Predictors and patterns of problematic Internet game use using a decision tree model (2016)

J Behav Addict. 2016 Aug 8:1-10.

Rho MJ1,2, Jeong JE3, Chun JW3, Cho H3, Jung DJ3, Choi IY1,2, Kim DJ3.


Background and aims

Problematic Internet game use is an important social issue that increases social expenditures for both individuals and nations. This study identified predictors and patterns of problematic Internet game use.


Data were collected from online surveys between November 26 and December 26, 2014. We identified 3,881 Internet game users from a total of 5,003 respondents. A total of 511 participants were assigned to the problematic Internet game user group according to the Diagnostic and Statistical Manual of Mental Disorders Internet gaming disorder criteria. From the remaining 3,370 participants, we used propensity score matching to develop a normal comparison group of 511 participants. In all, 1,022 participants were analyzed using the chi-square automatic interaction detector (CHAID) algorithm.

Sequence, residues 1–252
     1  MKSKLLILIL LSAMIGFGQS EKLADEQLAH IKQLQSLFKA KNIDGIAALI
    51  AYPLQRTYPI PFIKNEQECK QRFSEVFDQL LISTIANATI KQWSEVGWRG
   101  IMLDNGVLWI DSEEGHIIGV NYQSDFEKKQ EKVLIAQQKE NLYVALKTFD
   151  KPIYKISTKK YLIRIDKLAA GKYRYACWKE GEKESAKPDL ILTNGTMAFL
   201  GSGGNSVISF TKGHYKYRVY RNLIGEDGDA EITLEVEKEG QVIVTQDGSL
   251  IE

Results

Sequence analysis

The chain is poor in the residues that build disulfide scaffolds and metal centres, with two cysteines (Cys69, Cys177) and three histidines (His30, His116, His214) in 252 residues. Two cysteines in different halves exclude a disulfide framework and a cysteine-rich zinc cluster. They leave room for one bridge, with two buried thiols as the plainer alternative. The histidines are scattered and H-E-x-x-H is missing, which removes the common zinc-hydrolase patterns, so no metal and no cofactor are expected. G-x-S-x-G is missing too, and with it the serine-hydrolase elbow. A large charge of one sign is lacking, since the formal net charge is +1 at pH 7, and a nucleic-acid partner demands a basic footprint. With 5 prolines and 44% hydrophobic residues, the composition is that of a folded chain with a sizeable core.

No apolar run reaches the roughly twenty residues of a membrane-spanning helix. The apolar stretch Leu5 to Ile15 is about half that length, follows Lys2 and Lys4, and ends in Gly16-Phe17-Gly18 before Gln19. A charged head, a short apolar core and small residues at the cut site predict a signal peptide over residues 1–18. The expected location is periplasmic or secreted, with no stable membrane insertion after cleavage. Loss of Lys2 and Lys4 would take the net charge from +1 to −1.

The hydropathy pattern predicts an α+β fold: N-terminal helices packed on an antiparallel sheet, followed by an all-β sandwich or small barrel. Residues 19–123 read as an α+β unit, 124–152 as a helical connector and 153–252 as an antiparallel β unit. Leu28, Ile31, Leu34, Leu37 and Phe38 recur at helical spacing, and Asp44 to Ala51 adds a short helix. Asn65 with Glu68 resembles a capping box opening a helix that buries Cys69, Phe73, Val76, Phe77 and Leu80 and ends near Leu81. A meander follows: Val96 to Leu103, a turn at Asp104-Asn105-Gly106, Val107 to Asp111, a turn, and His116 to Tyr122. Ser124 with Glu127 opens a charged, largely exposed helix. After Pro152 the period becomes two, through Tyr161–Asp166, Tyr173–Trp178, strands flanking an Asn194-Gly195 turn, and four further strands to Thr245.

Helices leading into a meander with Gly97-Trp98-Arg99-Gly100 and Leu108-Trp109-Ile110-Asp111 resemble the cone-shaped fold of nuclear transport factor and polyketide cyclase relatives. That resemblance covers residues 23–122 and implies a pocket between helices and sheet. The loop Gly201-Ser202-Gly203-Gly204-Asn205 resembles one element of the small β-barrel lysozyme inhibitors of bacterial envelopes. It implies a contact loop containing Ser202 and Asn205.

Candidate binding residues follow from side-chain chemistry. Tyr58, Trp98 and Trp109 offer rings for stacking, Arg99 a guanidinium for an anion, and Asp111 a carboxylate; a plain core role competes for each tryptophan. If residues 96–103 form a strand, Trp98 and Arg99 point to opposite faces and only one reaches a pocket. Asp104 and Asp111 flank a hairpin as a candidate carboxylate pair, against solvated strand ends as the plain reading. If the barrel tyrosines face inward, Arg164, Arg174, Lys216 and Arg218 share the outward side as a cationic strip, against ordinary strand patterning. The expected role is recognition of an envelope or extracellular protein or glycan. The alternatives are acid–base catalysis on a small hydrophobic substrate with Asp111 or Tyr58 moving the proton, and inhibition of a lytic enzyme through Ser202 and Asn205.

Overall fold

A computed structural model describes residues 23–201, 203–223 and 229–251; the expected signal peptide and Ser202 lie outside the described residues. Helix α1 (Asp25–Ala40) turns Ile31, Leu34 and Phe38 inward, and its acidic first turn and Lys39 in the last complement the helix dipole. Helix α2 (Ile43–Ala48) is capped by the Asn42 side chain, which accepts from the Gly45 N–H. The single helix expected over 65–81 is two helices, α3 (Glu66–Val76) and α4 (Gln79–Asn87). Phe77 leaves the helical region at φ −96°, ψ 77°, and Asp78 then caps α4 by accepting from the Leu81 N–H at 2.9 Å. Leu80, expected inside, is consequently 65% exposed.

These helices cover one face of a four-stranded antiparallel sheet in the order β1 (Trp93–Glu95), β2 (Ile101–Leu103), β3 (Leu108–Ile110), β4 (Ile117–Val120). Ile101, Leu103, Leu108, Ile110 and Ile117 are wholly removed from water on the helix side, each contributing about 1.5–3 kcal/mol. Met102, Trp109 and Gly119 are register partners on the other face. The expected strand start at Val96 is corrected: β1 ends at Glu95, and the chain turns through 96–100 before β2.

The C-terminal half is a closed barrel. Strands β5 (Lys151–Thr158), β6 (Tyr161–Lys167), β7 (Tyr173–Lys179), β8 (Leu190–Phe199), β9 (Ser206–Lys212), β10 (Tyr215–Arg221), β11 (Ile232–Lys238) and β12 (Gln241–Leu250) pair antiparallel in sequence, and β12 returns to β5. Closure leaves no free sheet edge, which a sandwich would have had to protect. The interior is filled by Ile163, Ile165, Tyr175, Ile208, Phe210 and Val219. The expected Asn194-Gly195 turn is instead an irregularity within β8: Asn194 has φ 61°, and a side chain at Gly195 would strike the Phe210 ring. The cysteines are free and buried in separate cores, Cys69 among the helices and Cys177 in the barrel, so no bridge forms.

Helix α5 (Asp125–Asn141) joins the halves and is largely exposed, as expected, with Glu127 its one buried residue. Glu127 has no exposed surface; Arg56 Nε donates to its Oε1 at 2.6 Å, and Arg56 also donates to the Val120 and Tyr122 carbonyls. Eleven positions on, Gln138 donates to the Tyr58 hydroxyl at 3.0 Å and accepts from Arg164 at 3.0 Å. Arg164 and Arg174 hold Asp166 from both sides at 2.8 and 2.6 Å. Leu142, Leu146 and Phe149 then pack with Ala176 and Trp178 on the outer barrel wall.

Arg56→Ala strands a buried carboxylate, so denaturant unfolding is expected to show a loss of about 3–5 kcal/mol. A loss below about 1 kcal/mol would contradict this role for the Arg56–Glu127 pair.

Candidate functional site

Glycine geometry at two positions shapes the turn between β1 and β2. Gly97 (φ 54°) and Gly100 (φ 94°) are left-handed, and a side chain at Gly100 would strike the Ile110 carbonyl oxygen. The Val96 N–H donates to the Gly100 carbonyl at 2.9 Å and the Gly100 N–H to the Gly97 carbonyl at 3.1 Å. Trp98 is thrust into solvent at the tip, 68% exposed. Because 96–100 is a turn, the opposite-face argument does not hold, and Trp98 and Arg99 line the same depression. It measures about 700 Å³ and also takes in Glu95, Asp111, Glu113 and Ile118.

According to the CHAID algorithm, six important predictors were found: gaming costs (50%), average weekday gaming time (23%), offline Internet gaming community meeting attendance (13%), average weekend and holiday gaming time (7%), marital status (4%), and self-perceptions of addiction to Internet game use (3%). In addition, three patterns out of six classification rules were explored: cost-consuming, socializing, and solitary gamers.


This study provides direction for future work on the screening of problematic Internet game use in adults.

KEYWORDS: chi-square automatic interaction detector; decision tree analysis; pattern; predictors; problematic Internet game use

PMID: 27499227

DOI: 10.1556/2006.5.2016.051